In creating what looks to be a simple children’s musical instrument—a xylophone with keys in the shape of zoo animals—computer scientists at Columbia Engineering, Harvard, and MIT have demonstrated that sound can be controlled by 3D-printing shapes. They designed an optimization algorithm and used computational methods and digital fabrication to control acoustic properties—both sound and vibration—by altering the shape of 2D and 3D objects. Their work—”Computational Design of Metallophone Contact Sounds”—will be presented at SIGGRAPH Asia on November 4 in Kobe, Japan.
“Our discovery could lead to a wealth of possibilities that go well beyond musical instruments,” says Changxi Zheng, assistant professor of computer science at Columbia Engineering, who led the research team. “Our algorithm could lead to ways to build less noisy computer fans, bridges that don’t amplify vibrations under stress, and advance the construction of micro-electro-mechanical resonators whose vibration modes are of great importance.”
Zheng, who works in the area of dynamic, physics-based computational sound for immersive environments, wanted to see if he could use computation and digital fabrication to actively control the acoustical property, or vibration, of an object. Simulation of contact sounds has long interested the computer graphics community, as has computational fabrication, and, he explains, “We hoped to bridge these two disciplines and explore how much control one can garner over the vibrational frequency spectra of complex geometrics.”
Zheng’s team decided to focus on simplifying the slow, complicated, manual process of designing idiophones, musical instruments that produce sounds through vibrations in the instrument itself, not through strings or reeds. Because the surface vibration and resulting sounds depend on the idiophone’s shape in a complex way, designing the shapes to obtain desired sound characteristics is not straightforward, and their forms have been limited to well-understood designs such as bars that are tuned by careful drilling of dimples on the underside of the instrument.
To demonstrate their new technique, the team settled on building a “zoolophone,” a metallophone with playful animal shapes (a metallophone is an idiophone made of tuned metal bars that can be struck to make sound, such as a glockenspiel). Their algorithm optimized and 3D-printed the instrument’s keys in the shape of colorful lions, turtles, elephants, giraffes, and more, modelling the geometry to achieve the desired pitch and amplitude of each part.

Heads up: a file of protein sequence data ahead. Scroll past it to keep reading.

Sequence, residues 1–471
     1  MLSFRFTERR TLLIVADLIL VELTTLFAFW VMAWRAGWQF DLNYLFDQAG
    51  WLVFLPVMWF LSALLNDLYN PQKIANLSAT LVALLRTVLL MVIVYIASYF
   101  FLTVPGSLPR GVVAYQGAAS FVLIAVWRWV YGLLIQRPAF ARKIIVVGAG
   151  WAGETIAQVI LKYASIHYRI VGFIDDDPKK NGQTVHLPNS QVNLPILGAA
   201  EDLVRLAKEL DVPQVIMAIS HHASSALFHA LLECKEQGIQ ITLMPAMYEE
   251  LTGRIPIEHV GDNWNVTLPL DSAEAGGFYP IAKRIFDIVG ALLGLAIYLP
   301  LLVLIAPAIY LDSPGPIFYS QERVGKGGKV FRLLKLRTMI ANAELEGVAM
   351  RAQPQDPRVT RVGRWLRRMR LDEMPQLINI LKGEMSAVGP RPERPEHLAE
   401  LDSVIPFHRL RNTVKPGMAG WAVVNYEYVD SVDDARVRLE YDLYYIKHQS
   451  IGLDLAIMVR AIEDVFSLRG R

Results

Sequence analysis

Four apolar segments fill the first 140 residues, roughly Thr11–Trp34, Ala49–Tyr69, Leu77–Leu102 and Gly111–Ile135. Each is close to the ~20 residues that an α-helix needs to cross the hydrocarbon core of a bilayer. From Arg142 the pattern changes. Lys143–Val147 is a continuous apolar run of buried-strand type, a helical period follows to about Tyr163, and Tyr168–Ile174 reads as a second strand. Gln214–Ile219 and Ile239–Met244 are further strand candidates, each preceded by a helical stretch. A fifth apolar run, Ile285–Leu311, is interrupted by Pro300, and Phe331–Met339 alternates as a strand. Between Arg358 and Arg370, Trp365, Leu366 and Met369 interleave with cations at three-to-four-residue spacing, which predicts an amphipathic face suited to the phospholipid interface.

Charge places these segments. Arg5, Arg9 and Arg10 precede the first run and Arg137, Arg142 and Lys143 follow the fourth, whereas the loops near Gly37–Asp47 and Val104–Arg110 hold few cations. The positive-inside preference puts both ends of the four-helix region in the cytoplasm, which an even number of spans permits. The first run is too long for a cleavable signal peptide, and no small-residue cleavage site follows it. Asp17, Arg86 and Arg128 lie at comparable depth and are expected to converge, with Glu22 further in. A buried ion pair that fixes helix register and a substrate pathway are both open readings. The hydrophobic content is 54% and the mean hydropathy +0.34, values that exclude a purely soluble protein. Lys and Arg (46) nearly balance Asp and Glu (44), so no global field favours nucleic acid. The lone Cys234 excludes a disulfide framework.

“Our zoolophone’s keys are automatically tuned to play notes on a scale with overtones and frequency of a professionally produced xylophone,” says Zheng, whose team spent nearly two years on developing new computational methods while borrowing concepts from computer graphics, acoustic modeling, mechanical engineering, and 3D printing. “By automatically optimizing the shape of 2D and 3D objects through deformation and perforation, we were able to produce such professional sounds that our technique will enable even novices to design metallophones with unique sound and appearance.”
Though a fun toy, the zoolophone represents fundamental research into understanding the complex relationships between an object’s geometry and its material properties, and the vibrations and sounds it produces when struck. While previous algorithms attempted to optimize either amplitude (loudness) or frequency, the zoolophone required optimizing both simultaneously to fully control its acoustic properties. Creating realistic musical sounds required more work to add in overtones, secondary frequencies higher than the main one that contribute to the timbre associated with notes played on a professionally produced instrument.
Looking for the most optimal shape that produces the desired sound when struck proved to be the core computational difficulty: the search space for optimizing both amplitude and frequency is immense. To increase the chances of finding the most optimal shape, Zheng and his colleagues developed a new, fast stochastic optimization method, which they called Latin Complement Sampling (LCS). They input shape and user-specified frequency and amplitude spectra (for instance, users can specify which shapes produce which note) and, from that information, optimized the shape of the objects through deformation and perforation to produce the wanted sounds. LCS outperformed all other alternative optimizations and can be used in a variety of other problems.
“Acoustic design of objects today remains slow and expensive,” Zheng notes. “We would like to explore computational design algorithms to improve the process for better controlling an object’s acoustic properties, whether to achieve desired sound spectra or to reduce undesired noise. This project underscores our first step toward this exciting direction in helping us design objects in a new way.”
Zheng, whose previous work in computer graphics includes synthesizing realistic sounds that are automatically synchronized to simulated motions, has already been contacted by researchers interested in applying his approach to micro-electro-mechanical systems (MEMS), in which vibrations filter RF signals.